New Publication on Collaboration to Improve Environmental Outcomes

The PECS working group on Collaborative Governance has a new publication out that explores how to study the effects of context on collaboration (link here and citation at bottom of post).  Working with researchers from a dozen countries around the globe, we have been analyzing how commonly outlined “success factors” to achieve improved outcomes to environmental dilemmas are mediated by context.

We wanted to see the differences between:

  • grassroots (bottom-up) and government mandated (top-down) collaborations,
  • well-funded projects and those boot-strapping it,
  • projects in a developing context in contrast to a more developed locale,
  • and many others.

We developed a straightforward Context-Mechanism-Outcome (CMO) framework as shown below with an example:


Figure 1 in the published manuscript

Our manuscript came from struggling with shortcomings in the research that, in aggregate, often focused on mechanisms and outcomes without discussing the importance of context.  Meta-analyses and other studies often assess Ostrom’s Design Principles and their effects on environmental outcomes or the importance of social learning or leadership (or…) on collaborative goals.  However, many neglect to discuss the importance of context.  Or rather, they mention the importance of context and then ignore it in the analyses.  In the same way that neoclassical macroeconomic analyses often outline a series of unrealistic assumptions (rational actors, perfect information, etc) and then proceed with the analysis and findings without returning to these assumptions to see the actual validity of the findings, we find many of these studies to be interesting but not satiating.  Similarly, we see the importance of context often showing up in case studies of collaboration with little effort to generalize or broaden the findings beyond the idiosyncratic situation of case under study.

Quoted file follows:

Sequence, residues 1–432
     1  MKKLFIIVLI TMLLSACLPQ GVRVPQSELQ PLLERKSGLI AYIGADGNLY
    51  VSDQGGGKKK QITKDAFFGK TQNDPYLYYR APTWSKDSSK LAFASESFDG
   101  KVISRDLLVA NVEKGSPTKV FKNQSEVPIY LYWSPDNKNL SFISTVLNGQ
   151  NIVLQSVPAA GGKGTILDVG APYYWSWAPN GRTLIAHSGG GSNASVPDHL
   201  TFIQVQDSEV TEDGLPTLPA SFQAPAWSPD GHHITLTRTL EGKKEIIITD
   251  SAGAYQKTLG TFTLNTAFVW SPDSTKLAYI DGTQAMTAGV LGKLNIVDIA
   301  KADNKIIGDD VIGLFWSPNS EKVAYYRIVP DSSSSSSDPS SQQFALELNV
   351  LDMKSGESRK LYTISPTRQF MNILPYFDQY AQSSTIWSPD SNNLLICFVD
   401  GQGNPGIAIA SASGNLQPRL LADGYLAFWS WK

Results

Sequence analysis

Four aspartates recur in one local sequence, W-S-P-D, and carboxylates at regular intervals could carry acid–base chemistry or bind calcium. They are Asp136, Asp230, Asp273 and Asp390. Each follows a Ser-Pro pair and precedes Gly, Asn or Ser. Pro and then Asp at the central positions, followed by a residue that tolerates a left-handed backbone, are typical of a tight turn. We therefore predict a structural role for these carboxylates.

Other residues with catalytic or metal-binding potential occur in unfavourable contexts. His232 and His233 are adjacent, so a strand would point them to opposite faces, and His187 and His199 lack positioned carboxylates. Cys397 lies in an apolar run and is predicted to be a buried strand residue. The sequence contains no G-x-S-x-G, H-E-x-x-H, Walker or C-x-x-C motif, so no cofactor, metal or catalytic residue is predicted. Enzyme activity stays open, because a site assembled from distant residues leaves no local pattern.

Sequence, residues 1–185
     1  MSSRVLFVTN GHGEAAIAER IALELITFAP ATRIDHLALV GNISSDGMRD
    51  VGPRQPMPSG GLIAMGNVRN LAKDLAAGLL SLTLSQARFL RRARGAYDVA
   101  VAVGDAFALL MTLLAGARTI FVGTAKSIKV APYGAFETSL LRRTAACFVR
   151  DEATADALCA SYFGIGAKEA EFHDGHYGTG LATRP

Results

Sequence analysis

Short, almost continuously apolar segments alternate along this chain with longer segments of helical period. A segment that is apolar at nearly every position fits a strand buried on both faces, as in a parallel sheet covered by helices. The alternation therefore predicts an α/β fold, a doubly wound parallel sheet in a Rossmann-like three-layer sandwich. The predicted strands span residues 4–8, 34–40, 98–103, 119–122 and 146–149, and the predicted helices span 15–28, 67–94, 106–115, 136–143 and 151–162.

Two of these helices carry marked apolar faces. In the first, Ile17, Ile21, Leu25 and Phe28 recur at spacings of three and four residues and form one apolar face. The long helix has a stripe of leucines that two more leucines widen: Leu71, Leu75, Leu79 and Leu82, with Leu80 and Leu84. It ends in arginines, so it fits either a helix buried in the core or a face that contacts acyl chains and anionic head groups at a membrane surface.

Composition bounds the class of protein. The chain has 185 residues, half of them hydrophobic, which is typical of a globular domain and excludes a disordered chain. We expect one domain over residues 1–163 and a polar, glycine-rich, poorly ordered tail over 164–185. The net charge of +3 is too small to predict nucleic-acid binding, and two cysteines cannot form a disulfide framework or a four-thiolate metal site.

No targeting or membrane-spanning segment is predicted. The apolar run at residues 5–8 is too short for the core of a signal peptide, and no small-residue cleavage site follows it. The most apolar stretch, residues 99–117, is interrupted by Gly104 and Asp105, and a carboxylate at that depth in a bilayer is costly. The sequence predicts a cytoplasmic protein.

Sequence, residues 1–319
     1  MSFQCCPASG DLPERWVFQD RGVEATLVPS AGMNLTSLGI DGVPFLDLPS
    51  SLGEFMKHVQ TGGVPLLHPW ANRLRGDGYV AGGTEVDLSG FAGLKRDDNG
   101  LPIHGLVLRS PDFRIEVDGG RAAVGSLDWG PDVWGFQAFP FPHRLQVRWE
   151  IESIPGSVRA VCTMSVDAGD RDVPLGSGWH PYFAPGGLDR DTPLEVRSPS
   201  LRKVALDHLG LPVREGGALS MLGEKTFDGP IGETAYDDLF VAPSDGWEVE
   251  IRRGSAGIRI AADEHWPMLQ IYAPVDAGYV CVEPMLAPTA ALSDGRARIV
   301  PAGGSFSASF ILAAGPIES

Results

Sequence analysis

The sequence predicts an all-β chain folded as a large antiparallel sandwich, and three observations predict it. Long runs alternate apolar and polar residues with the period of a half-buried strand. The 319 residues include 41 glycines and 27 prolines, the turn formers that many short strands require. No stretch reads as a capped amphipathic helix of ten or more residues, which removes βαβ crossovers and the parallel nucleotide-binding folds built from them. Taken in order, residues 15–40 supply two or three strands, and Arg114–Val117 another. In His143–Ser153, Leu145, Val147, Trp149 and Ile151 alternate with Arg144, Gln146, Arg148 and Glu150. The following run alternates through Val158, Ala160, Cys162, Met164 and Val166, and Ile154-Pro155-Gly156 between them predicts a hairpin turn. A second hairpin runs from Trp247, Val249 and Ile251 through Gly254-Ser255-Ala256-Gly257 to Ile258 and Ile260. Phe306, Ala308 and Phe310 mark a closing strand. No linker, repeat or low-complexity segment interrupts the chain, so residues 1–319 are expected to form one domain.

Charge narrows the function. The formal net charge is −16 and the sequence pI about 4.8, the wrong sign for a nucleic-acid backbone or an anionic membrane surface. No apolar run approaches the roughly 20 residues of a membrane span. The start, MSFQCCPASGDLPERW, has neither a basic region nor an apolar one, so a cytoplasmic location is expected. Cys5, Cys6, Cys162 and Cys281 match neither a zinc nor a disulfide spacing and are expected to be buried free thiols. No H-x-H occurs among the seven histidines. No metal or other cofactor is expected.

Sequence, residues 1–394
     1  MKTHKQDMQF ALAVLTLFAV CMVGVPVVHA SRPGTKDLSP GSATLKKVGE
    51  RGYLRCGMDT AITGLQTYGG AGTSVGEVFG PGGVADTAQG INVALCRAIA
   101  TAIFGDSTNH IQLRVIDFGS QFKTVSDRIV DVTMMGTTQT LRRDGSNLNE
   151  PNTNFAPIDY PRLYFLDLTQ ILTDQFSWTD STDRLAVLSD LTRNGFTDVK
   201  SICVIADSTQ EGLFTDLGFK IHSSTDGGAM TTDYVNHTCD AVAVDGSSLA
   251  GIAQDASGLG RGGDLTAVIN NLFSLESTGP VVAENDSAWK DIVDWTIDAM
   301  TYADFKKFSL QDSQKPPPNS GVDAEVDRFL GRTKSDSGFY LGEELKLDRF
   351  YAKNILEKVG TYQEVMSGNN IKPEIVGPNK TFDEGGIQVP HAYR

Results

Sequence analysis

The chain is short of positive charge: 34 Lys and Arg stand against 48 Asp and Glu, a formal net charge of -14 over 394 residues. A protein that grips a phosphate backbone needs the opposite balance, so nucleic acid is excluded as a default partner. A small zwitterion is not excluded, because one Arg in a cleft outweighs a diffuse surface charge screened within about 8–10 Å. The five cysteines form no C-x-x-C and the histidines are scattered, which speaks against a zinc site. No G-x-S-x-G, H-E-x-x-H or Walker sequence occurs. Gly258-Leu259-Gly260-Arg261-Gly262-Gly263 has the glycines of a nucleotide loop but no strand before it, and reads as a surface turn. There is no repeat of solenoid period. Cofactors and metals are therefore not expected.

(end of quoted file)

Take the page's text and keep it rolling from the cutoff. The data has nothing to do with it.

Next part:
This paper is only a first step in our research program.  We have another paper under review that builds on this framework to conduct comparative case analyses across four cases. Another in the works uses a recently completed codebook based upon the framework in this paper to use Qualitative Comparative Analysis across a dozen cases to further elucidate the mediation of contextual variables in collaborative environmental governance.  We hope that as we learn more and study a wider variety of cases, we can contribute to our understanding of collaborations and improve them in practice.

Cockburn, J., M. Schoon, G. Cundill, C. Robinson, J. A. Aburto, S. M. Alexander, J. A. Baggio, C. Barnaud, M. Chapman, M. Garcia Llorente, G. A. García-López, R. Hill, C. Ifejika Speranza, J. Lee, C. L. Meek, E. Rosenberg, L. Schultz and G. Thondhlana. 2020. Understanding the context of multifaceted collaborations for social-ecological sustainability: a methodology for cross-case analysis. Ecology and Society 25 (3):7. [online] URL:

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